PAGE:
The Alabama Road Builder - Fall 2015 - (Page 17)

feature Moving Forward with the Northern Beltline By Renee Carter Executive Director, Birmingham Coalition for Regional Transportation. Birmingham Coalition for Regional Transportation I n early 2014, the Alabama Department of Transportation (ALDOT) broke ground on the Northern Beltline, a 52.5 mile interstate that runs through Jefferson County, Alabama. The Northern Beltline project is part of the Appalachian Development Highway System (ADHS) of the Appalachian Regional Commission, a regional economic development agency that represents a partnership of federal, state and local governments. The ADHS includes more than 3,000 miles of roadway, with projects in 13 states. Birmingham is one of the few cities in the U.S., and the only major city in the Southeast, that does not have a complete, connected interstate route to serve its metropolitan area. The Northern Beltline will generate economic development, reduce commute times and improve quality of life for the Birmingham region and the entire state of Alabama. Before ALDOT was able to break ground on the Northern Beltline, it first had to secure a U.S. Army Corps of Engineers The Alabama Roadbuilder * Fall 2015 (USACE) 404 permit. As part of the permitting process, ALDOT worked to meet four major environmental conditions required for the permit, which ensure the protections of the environment at each stage of construction. Prior to approving a permit, USACE closely analyzes permit applications to ensure the reasonably anticipated benefits and detriments of proposed projects are balanced. Throughout the process, it considers the critical values of the U.S. aquatic ecosystems to the public and the reasonable use of private property, infrastructure development and growth of the economy. In addition, the USACE takes into account the opinions of other federal, state and local agencies as well as those of interest groups and the general public. On October 1, 2013, Governor Robert Bentley announced that the USACE had issued the requested permit. During the months leading up to the issuance of the permit, ALDOT answered numerous questions, provided additional data and made adjustments to the final design of the Northern Beltline where needed. Upon completion of its rigorous and thorough analysis, the USACE determined the project both met, and in some cases exceeded, all requirements of the federal Clean Water Act. As a result, the USACE granted ALDOT the permit to begin construction on the first phase of the Northern Beltline. After the permit was granted, opponents to the project sought to stop construction of the Beltline by filing a preliminary injunction. After reviewing the proposed injunction, the U.S. District Court Judge denied the injunction request and, in his 19-page Opinion and Order, declared every allegation made by the opposition invalid. Following the ruling, construction on the Northern Beltline moved forward. To celebrate the beginning of construction on the Northern Beltline, the Coalition for Regional Transportation held a "Groundbreaking Ceremony" with Governor Robert Bentley, Congressman Spencer Bachus and numerous local elected leaders who have strongly supported the Northern Beltline since its inception. In total, nearly 300 committed Northern Beltline stakeholders attended the groundbreaking ceremony and expressed a unified voice of support for the project. Today, construction of the Northern Beltline is moving forward at a prompt pace. Specifically, construction will take place in a series of projects, each of which work to responsibly meet the requirements of the USACE 404 permit. ALDOT is currently working on the first "grade and drain" project for the Northern Beltline. As the most innovative project involving storm water control and environmental management ALDOT has let to date, this project requires 2.5 million yards of rock and dirt and waste material to be moved. Today, 55 percent of the "grade and drain" project is complete, and ALDOT expects this phase of construction to reach completion in the fall of 2016. As construction progresses, the Northern Beltline continues to garner support from government stakeholders, municipalities and other key decision makers as the next key step in Birmingham's surface transportation system. ❏ 17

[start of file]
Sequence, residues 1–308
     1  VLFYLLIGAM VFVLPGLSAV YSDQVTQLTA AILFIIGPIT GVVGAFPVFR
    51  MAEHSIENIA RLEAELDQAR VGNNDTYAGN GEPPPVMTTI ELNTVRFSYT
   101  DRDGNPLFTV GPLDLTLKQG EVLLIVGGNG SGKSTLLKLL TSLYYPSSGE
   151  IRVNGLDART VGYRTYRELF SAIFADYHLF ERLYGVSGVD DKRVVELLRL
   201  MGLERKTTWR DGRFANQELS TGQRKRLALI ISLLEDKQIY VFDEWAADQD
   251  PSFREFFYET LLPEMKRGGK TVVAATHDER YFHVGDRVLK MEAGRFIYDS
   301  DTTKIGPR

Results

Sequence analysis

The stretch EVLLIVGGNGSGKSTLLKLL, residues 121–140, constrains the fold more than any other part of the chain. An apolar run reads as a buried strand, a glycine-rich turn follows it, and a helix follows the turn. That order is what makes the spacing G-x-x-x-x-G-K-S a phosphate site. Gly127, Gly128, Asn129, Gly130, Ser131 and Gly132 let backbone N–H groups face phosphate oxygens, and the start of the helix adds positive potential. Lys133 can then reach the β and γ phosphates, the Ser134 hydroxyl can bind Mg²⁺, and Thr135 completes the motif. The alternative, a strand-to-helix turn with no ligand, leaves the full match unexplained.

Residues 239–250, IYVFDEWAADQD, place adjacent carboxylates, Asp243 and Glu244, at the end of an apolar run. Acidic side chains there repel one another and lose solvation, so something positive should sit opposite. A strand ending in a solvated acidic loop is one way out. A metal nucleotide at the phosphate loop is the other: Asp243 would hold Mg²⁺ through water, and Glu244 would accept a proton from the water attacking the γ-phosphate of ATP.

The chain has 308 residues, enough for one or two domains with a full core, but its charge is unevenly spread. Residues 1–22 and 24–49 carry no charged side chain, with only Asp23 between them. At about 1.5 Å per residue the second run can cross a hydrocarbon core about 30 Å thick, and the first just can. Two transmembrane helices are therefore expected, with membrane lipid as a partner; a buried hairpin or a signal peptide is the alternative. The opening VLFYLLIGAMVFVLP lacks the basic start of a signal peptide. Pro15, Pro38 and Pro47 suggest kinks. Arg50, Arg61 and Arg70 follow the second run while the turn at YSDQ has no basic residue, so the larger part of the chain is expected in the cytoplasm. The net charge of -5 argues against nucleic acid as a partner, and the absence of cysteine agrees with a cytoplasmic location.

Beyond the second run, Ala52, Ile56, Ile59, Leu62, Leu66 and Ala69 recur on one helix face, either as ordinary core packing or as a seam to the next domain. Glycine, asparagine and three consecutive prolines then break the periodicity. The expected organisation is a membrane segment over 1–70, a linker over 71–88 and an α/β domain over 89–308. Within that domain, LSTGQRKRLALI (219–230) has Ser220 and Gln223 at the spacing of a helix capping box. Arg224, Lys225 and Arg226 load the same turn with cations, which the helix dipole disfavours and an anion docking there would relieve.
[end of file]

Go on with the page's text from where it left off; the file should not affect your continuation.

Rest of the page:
Table of Contents for the Digital Edition of The Alabama Road Builder - Fall 2015

Executive Director's Message
President's Message
ARBA Convention 2015 Highlights
The Costs of Sound Safety Performance
Senate Passes Long-Term Transportation Bill
Moving Forward With the Northern Beltline
Products and Services Marketplace
Index to Advertiers/
Heard Along the Highway

The Alabama Road Builder - Fall 2015